Nowadays, long-suffering emerging market currencies including the Argentine peso, Brazilian real, South African rand and Russian ruble have found themselves a new friend in the Western world—the Australian dollar.
The Aussie has been on a precipitous decline, falling nine percent against the dollar since its January peak. AUD continued slipping further in Thursday trade to close below 74 US cents, the first time it has breached that mark this year.
AUD has also been losing ground against most major world currencies in a big way. In fact, the AUD together with the Swedish kronor are the worst performing major world currencies this year.
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Whereas most emerging currencies have been falling due to monetary tightening and climbing interest rates in the U.S., the Aussie and the yen, have become collateral damage as trade disputes between the U.S. and China—Australia’s largest trading partner—continue to escalate.
A full-blown war between the two nations might yet be avoided, but there’s already a whiff of grapeshot in the air.
Such a toxic environment hardly inspires a risk-taking appetite in the markets as anyone who had underestimated the significance of the cross-border links must have come to realize.
The Australian Trade and Investment Commission (ATIC) announced in December that 66 percent of the country’s exports went to East, Asia with nearly 30 percent landing in the Middle Kingdom. China’s rebounding steel industry has been particularly bullish for the Australian economy.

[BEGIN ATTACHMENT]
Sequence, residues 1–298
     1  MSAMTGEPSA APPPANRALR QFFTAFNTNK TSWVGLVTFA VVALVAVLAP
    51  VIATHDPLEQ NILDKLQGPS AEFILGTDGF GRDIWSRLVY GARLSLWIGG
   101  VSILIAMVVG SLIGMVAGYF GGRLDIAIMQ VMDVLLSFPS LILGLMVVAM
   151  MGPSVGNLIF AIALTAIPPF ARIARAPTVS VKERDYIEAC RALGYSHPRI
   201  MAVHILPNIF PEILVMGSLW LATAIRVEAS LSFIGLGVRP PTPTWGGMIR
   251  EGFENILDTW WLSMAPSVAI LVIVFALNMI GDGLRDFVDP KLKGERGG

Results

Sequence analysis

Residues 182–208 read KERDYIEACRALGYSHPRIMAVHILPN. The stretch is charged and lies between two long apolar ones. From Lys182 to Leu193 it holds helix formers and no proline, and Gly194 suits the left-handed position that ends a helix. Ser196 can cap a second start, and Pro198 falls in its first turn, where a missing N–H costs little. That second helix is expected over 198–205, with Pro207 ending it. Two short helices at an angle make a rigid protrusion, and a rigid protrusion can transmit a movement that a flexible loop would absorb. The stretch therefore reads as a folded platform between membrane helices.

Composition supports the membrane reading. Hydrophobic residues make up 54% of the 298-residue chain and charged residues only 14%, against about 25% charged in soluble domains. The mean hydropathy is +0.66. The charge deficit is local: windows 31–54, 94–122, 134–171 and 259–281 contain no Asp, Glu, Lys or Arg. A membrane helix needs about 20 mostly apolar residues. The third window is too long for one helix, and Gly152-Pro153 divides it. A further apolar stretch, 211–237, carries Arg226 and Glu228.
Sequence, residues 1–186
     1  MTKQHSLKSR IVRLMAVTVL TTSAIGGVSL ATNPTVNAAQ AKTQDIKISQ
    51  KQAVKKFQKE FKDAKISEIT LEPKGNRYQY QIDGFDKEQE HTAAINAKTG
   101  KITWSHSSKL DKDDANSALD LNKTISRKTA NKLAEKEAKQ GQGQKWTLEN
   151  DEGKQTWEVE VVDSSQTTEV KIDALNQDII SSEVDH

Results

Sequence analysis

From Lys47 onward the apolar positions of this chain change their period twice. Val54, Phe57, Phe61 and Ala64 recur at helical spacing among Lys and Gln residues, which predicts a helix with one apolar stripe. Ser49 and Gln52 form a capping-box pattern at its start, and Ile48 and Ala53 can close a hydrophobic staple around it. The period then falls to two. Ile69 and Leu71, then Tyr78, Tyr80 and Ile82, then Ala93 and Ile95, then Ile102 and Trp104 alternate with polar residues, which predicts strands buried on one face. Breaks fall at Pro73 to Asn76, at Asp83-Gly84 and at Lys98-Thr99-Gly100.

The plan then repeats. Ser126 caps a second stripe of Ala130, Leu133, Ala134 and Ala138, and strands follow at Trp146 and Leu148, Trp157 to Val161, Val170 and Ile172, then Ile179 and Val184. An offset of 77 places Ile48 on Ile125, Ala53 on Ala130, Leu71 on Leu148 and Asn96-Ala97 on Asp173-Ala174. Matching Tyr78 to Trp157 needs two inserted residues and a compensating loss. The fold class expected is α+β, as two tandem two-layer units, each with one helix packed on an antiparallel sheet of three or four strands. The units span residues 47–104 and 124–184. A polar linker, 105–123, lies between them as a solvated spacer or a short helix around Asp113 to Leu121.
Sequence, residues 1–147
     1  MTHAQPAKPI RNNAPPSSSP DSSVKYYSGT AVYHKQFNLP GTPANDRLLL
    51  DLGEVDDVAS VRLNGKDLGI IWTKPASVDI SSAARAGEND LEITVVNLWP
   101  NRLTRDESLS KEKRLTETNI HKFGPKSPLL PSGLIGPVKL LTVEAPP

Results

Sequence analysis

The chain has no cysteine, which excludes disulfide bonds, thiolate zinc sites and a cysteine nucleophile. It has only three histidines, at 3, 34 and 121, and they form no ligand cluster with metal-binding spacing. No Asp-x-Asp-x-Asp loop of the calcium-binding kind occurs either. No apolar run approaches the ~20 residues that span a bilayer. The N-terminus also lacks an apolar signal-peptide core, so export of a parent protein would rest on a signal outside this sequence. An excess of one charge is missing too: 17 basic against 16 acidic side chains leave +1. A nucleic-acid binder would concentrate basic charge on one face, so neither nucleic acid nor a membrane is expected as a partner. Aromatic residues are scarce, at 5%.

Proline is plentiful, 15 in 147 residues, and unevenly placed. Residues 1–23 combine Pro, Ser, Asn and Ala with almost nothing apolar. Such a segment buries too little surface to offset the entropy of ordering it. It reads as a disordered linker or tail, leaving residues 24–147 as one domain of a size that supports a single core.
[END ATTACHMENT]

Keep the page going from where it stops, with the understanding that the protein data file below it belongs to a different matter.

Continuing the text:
But with the Chinese economy beginning to show signs of cooling, Australia is bound to suffer. Economists have penciled China’s growth to drop to 6.5 percent this year from 6.9 percent the previous year.
Meanwhile, Fed actions in the U.S. have also been taking a toll on the Aussie. Specifically, interest rate differentials as rates increase in the U.S. but stay low in Australia are likely to induce a net flow from the Aussie to the greenback.
The Australian 10-year bond yield has continued to slide to a current reading of 2.62 percent compared to 2.90 in the U.S. The bond yield differential between the two countries is expected to hit 50 basis points in 2019 as yields in the country continue falling further while those in the U.S. keep climbing.
Hedge Funds Are Bearish About AUD
Many hedge funds are predicting that things will get worse, not better, for the Australian dollar. The hedge funds have also been keeping their money where their mouths are, having boosted their wagers against the currency from a net long position three months ago to a net short one a month ago.
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Blackrock is the latest Wall Street analyst to join the AUD bear camp and sees the currency dropping below 70 US cents this year, as does WestPac Banking Group, which has predicted a similar level but in 2019.
Pendal Group is even less sanguine and expects the Aussie to drop to the mid-60s over the next 12 months, while Goldman is a bit more optimistic and sees it at 72 cents at year-end, thus implying only a slight drop from where we are.
Even in a neutral situation, the Aussie will still have to contend with a stronger dollar due to Fed tightening. Either way, the outlook for AUD/USD pair looks bearish.
By Alex Kimani for Safehaven.com
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